Luminor 18 and Luminor 35 drug-coated balloons (DCB; iVascular) are now listed on the French LPPR list for de novo lesions of the femoropopliteal arteries.
Luminor is a paclitaxel-coated balloon specifically designed for dilatation of stenosis located in the iliac, femoral, iliofemoral, popliteal, infrapopliteal and renal arteries, as well as for the treatment of obstructive lesions of arteriovenous fistulas, whether original or artificial.
Eric Ducasse (CHU Bordeaux, Vascular Surgery Unit, France) has been one of the first Luminor users in France. He comments: “Luminor is the first paclitaxel DCB reimbursed in France since the Katsanos et al publication. It underlines that French authorities do trust its last generation coating technology, which is unique and has demonstrated efficacy, and, above all, safety. I am confident that French use and data analysis will confirm it shortly.”
The latest EFFPAC trial two-year outcomes with Luminor have shown positive results in terms of primary patency (90.2%) and freedom from target lesion revascularisation (97.2%) in the superficial femoral artery and popliteal artery for TASC A and B lesions. The trial also demonstrated no increased risk of death detected at two-years (one death in the DCB group versus two deaths in the percutaneous transluminal angioplasty group), evidencing a relative risk of 0.48.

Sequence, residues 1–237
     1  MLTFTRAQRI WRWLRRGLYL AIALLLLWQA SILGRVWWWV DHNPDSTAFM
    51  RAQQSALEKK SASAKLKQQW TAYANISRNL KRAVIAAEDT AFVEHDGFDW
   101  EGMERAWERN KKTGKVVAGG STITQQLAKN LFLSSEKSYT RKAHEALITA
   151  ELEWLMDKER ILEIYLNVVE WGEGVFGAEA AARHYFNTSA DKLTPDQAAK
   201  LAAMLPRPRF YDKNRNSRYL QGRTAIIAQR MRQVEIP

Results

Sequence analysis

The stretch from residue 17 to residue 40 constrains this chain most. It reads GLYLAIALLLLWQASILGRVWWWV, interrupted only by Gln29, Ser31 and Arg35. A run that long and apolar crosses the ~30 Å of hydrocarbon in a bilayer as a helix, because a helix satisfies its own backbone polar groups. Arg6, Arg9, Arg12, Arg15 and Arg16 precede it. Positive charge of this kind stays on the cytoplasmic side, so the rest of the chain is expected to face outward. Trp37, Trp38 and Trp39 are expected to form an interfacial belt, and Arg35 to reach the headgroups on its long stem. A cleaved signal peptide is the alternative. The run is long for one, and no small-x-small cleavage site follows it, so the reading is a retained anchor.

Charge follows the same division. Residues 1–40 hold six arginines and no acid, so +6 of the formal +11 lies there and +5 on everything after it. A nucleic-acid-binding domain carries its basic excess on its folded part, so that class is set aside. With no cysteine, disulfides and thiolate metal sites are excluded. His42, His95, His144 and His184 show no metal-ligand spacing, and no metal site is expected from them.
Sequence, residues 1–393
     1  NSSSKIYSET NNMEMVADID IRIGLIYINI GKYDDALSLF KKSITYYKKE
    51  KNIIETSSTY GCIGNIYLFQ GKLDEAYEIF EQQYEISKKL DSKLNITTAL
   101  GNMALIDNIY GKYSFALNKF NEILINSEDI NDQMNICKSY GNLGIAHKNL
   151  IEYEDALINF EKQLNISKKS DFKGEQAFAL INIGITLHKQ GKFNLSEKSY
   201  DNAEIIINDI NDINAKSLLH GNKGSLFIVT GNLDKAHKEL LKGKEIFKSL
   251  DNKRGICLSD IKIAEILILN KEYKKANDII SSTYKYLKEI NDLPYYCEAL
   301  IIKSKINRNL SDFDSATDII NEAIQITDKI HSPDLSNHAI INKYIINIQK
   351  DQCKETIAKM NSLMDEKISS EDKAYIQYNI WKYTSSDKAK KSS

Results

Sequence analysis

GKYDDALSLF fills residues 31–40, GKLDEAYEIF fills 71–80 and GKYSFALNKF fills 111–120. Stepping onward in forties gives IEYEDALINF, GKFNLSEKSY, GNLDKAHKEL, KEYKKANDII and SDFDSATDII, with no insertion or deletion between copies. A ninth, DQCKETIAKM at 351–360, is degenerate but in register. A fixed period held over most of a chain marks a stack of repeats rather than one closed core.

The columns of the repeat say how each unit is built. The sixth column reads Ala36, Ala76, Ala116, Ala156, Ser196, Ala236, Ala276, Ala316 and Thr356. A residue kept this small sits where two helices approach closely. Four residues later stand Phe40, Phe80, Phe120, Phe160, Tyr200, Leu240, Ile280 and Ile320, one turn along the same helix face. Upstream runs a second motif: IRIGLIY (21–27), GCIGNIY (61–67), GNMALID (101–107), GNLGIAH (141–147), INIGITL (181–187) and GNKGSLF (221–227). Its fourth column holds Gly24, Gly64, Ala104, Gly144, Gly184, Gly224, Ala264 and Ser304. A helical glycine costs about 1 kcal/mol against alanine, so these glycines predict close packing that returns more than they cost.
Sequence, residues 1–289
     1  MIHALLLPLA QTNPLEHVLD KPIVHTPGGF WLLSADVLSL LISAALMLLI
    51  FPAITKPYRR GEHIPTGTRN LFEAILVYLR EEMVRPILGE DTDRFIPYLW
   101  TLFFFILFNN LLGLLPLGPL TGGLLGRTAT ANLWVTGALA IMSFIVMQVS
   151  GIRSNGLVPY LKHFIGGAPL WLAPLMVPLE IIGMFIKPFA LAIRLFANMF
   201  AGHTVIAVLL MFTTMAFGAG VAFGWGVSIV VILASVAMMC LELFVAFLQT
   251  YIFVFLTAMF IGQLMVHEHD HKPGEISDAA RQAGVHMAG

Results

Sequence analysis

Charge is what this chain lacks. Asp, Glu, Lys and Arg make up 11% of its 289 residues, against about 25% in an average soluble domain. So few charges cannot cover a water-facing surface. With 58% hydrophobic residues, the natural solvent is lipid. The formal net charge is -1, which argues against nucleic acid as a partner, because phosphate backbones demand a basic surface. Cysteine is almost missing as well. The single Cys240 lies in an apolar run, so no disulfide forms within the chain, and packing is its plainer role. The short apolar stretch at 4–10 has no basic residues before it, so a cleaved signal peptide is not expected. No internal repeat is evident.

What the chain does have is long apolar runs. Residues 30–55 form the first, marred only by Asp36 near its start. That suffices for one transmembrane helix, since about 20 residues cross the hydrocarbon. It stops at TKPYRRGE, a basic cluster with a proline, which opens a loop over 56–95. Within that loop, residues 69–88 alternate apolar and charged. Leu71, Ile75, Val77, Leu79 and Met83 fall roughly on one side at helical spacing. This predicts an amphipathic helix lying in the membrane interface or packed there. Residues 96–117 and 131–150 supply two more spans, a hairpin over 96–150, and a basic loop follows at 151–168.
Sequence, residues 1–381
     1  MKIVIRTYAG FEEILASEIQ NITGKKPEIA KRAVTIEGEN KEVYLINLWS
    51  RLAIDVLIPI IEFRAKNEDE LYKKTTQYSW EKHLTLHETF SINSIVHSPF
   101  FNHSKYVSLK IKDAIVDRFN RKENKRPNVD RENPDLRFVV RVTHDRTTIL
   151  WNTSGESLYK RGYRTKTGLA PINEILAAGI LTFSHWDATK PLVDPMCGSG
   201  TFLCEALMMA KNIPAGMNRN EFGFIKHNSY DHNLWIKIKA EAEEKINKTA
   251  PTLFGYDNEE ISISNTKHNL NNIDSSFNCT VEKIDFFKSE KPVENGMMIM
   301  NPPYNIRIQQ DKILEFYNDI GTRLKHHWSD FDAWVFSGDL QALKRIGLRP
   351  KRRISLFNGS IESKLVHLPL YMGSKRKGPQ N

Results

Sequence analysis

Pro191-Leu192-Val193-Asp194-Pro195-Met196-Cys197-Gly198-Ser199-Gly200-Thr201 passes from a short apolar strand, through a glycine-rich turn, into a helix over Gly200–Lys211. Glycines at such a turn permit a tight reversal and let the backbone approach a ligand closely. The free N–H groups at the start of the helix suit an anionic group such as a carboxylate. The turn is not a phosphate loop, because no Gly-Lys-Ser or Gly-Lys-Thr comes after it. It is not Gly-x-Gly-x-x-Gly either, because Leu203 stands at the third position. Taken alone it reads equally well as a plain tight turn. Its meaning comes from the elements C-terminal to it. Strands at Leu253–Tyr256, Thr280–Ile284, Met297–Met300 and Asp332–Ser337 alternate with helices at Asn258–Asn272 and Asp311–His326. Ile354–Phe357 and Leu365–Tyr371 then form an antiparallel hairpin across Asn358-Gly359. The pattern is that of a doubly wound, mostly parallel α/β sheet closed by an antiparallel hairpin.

The Luminor DCB has a proprietary nanotechnology coating, TransferTech. This uses paclitaxel in a microcrystalline molecular structure that is spread on the balloon, together with the excipient, by ultrasound spray pulse. The balloon surface is covered with multiple and independent nanodrop layers, providing a flexible coating that adapts to the balloon movement and ensures paclitaxel is released in the target lesion without particle loss in the blood flow.